Hobnob With the Masters for $1.50 Europe has long been the world's art capital. Now it's outdone itself. Budget Travel Tuesday, Aug 18, 2009, 12:00 AM Budget Travel LLC, 2016


Hobnob With the Masters for $1.50

Europe has long been the world's art capital. Now it's outdone itself.

Hermitage Amsterdam


The Acropolis Museum, Athens
Just down the hill from the Acropolis sits architect Bernard Tschumi's modern three-decades-in-the-making addition to the ancient site. The exterior of the glass-walled space, which holds 40,000 artifacts, reflects the Parthenon. Highlight: A replica of the Parthenon's frieze, awaiting the return of the hotly contested Elgin Marbles. newacropolismuseum.gr, admission $1.50 through 2009.


Musée Magritte Museum, Brussels
René Magritte's hometown has unveiled a sparkling new space befitting its surrealist star and filled it with his paintings, letters, and drawings. Even the renovation of the neoclassical building paid homage to the artist: A canvas that hung over the scaffolding showed a trompe l'oeil curtain pulled back to reveal a Magritte work. Highlight: Lesser-known Impressionist works. musee-magritte-museum.be, $11.25.


Punta della Dogana, Venice
Billionaire art collector François Pinault (he owns Christie's) led his organization to take over this 17th-century customs house, beating out the Guggenheim Foundation. Architect Tadao Ando transformed the space into a giant gallery to show off works from Pinault's 2,500-piece collection. Ando gutted the interior to reveal brick walls, on which you'll find an A-list of contemporary artists. Highlight: Playful Japanime from Takashi Murakami. palazzograssi.it, $21.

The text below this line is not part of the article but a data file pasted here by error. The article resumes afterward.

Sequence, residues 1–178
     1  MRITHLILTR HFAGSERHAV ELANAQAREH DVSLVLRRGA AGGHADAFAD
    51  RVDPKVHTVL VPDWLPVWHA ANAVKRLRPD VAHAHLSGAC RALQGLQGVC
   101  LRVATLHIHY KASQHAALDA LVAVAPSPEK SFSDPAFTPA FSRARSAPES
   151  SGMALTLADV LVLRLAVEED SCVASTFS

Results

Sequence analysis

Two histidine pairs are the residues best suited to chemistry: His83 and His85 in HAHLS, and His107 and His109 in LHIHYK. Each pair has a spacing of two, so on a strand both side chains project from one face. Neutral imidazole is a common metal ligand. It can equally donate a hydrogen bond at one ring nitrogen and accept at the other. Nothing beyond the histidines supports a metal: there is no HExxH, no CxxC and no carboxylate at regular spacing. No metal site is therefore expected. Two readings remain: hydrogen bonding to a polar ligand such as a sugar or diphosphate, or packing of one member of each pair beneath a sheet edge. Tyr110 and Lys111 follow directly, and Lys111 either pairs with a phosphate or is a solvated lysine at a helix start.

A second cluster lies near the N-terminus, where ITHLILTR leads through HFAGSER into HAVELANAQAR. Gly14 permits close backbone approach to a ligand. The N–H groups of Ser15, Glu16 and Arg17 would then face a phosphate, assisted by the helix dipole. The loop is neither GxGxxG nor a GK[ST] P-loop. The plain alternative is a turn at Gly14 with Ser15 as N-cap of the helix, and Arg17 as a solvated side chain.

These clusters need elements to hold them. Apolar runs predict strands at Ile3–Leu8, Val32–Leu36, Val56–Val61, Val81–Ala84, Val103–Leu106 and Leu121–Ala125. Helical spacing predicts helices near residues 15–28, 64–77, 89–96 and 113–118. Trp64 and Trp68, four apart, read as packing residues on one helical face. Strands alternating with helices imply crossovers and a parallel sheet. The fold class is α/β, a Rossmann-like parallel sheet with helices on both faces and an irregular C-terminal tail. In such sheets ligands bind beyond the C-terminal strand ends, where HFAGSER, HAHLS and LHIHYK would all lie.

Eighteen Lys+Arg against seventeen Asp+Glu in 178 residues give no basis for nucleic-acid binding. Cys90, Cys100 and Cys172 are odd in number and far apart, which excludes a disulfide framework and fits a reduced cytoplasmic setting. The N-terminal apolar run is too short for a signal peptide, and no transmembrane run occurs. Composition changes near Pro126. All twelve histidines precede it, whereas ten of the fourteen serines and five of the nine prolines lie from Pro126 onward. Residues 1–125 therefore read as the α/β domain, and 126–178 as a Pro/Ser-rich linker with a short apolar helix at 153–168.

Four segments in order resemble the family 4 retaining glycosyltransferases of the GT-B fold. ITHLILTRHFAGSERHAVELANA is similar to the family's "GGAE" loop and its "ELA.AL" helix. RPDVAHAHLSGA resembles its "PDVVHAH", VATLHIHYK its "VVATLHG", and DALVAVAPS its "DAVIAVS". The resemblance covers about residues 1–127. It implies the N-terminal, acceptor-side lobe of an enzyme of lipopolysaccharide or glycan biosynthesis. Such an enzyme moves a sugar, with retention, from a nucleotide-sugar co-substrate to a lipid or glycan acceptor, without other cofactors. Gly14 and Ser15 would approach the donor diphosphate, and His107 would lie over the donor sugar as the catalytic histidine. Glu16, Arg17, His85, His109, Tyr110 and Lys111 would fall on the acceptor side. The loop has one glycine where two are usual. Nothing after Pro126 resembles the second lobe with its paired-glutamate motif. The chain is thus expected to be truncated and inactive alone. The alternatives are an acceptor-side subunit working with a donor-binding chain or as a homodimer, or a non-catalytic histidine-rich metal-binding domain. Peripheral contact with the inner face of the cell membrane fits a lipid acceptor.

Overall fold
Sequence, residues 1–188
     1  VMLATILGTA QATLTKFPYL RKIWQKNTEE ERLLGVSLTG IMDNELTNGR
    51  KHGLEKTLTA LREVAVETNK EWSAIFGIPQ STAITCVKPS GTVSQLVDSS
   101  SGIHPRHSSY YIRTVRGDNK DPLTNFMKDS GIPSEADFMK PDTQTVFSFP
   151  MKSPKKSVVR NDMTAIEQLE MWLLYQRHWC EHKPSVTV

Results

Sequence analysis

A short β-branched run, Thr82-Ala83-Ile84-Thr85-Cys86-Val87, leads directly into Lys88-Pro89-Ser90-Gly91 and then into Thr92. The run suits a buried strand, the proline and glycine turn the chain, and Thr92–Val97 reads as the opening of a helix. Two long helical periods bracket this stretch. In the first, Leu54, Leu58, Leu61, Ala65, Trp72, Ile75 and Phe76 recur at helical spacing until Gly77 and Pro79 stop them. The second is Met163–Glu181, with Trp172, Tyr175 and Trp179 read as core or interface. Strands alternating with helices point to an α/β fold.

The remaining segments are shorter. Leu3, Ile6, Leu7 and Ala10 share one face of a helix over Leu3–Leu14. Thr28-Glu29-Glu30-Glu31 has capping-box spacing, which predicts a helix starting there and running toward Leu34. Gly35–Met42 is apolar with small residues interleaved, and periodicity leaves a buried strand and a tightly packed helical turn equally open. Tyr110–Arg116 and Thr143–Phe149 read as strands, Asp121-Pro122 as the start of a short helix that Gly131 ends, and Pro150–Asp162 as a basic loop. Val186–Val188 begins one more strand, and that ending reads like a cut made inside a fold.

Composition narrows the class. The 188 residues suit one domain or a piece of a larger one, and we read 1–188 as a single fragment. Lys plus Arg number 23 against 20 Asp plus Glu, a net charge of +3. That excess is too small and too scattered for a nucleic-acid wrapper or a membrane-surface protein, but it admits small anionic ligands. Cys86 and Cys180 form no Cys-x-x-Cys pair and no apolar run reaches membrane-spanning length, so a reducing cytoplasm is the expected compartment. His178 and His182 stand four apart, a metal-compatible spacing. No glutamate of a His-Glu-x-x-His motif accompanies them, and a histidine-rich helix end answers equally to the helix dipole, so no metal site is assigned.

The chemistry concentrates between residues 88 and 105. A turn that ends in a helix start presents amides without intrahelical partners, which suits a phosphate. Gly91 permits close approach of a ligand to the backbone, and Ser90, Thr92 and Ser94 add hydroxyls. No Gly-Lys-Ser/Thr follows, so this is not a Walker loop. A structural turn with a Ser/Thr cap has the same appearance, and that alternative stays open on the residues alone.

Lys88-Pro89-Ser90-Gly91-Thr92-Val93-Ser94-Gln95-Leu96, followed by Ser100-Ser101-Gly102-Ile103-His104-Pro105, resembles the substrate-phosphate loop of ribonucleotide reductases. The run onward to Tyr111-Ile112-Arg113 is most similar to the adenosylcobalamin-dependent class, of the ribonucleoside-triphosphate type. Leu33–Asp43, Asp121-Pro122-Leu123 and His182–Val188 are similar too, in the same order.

Hermitage Amsterdam
The Western world's largest branch of St. Petersburg's State Hermitage Museum has reopened, with 10 times more space, in a 17th-century nursing home. Highlight: The inaugural exhibit showcases over 1,800 artifacts—lavish thrones, extravagant gowns, and Fabergé jewelry—plus paintings depicting the lives of 19th-century czars. hermitage.nl, $21.


Museum Brandhorst, Munich Exactly 36,000 technicolor ceramic rods shroud the latest addition to the burgeoning Kunst­areal museum district. Inside the 34,500 square feet of galleries: 150 works, including more than 25 paintings by Andy Warhol and works by superstars Damien Hirst, Bruce Nauman, and the German Gerhard Richter. Highlight: A room above the foyer designed for Cy Twombly's Lepanto Cycle, a series of 12 abstract paintings. museum-brandhorst.de, $9.75 TuesdaySaturday, $1.50 on Sundays.

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